In early 2018, actresses and producers Jessica Chastain and Octavia Spencer made waves when the co-stars of a still-untitled holiday comedy banded together to demand equal pay. Spencer first announced the news at a Sundance panel mounted by the HFPA and dedicated to the theme of “Women Breaking Barriers,” and at the 2019 version of that same panel, she arrived with the kind of news she had hoped for just one year earlier: Men are getting in on the movement too.
“I think my goal is to make sure that all women of color get equal pay, and all women get equal pay,” Spencer said. “The only way to do it is to have these conversations, to talk numbers with your co-stars. Jessica and I stood together, and that was interesting that she would take that position — well, I mean, she is Jessica Chastain — but we also need advocates and allies in negotiating.”
One advocate: LeBron James, who is executive producing the Netflix series “Madam C.J. Walker,” which will see Spencer starring as the eponymous haircare mogul (and America’s first black self-made millionaire). “I have to say, when I was negotiating my deal for ‘Madam C.J.,’ LeBron James had to intervene,” Spencer said. “So we need all our male counterparts to be in the fight with us.”
One of those male counterparts, producer Cassian Elwes, was sitting onstage with her. The sole male on the panel — this year entitled “Women Breaking Barriers: Where Are We Now?” — joined Spencer and her fellow actresses and producers Kira Sedgwick and Jenna Elfman for the talk. Elwes, who has proven to be an outspoken ally for many female creators, thanks to his work with such projects as the inclusive hiring initiative ReFrame and the young female filmmaker–focused Horizon Award, had plenty to add about the subject.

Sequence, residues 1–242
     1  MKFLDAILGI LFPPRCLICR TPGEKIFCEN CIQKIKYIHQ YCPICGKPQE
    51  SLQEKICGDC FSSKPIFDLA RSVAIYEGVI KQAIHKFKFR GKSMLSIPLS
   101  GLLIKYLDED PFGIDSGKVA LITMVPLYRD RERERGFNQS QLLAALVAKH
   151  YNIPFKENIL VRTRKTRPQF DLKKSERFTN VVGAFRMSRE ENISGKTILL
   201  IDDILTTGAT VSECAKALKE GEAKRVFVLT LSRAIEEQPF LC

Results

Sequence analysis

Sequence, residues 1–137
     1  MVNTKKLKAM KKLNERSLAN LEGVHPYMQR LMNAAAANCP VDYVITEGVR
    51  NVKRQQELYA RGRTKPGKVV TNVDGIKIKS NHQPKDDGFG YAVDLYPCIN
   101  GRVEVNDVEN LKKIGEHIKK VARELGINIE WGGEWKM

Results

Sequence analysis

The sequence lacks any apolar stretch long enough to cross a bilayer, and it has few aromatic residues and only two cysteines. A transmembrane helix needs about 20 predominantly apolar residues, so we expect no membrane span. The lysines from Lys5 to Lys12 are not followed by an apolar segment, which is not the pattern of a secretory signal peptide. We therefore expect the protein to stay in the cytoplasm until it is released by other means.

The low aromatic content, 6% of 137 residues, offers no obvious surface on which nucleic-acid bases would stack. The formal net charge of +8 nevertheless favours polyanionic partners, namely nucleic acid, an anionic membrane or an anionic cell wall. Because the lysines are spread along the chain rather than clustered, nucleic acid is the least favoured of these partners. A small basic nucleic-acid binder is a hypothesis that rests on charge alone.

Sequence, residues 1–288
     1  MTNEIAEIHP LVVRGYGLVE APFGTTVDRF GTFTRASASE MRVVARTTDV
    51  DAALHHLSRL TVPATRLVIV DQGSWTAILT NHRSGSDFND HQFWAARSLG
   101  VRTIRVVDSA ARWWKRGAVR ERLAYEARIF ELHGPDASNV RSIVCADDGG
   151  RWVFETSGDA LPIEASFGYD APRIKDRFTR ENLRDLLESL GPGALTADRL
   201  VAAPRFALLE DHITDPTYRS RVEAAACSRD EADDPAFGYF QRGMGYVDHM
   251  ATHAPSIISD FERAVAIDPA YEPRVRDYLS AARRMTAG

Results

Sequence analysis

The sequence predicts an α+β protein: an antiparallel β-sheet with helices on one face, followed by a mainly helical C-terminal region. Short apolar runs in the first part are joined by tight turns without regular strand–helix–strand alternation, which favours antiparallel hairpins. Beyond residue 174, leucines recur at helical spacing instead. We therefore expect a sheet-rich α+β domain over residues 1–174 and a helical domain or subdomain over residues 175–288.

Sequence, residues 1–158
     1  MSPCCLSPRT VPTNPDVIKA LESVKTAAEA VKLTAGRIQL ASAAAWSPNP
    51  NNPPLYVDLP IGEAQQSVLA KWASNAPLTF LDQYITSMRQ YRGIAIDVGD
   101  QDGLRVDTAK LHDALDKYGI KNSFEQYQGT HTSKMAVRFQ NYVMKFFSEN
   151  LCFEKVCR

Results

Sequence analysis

Popular on IndieWire
“I think men are on a steep learning curve in Hollywood,” he said. “I was in the middle of a negotiation, actually in the last two days, where the lawyer for the male star was saying, ‘Oh, he should get paid more than she should,’ and I was like, ‘Absolutely not, they’re going to be most favored nations in this deal, they’re gonna get the same deal basically.’ He’s like, ‘Well, he’s working more days than her,’ and I said, ‘Well, we’re holding her for just as much time, too.’ And he said, ‘Well, what do you gotta say for that?’ And I said, ‘I’m just going to say two words: Time’s Up.'”
Later, Elwes reflected on the very recently announced “4% Challenge,” which asks creators and stars to working with a female director within 18 months. The initiative, announced by Dr. Stacy L. Smith from the USC Annenberg Inclusion Initiative earlier this week, was designed to increase the number of female directors in the 1,200 top grossing films, which Smith’s research recently found has remained at 4% since 2007.
“I want to be in it, I want my other male colleagues to be in it too, I want other women who have the power to be in it too,” Elwes said. “Things are gonna change when people who have power actually use it.”
That idea of sharing and using power has caught Spencer, too, and when asked about her hopes for the next year, she brought everything full circle. The answer is advocating for each other and using all that power for good.
“I’m a pragmatist, and I think that what’s exciting is, for me right now, is I feel like there’s a paradigm shift and women are leading the charge in that,” Spencer said. “We just have to continue the momentum, and we have to remember that all of us, we need to work together, men and women. We need to advocate for each other. … I think we’ve made considerable strides in the conversation. Are we there yet? Uh, no. But are we where we were? Uh, no, and that’s what’s promising. I like the idea of that.”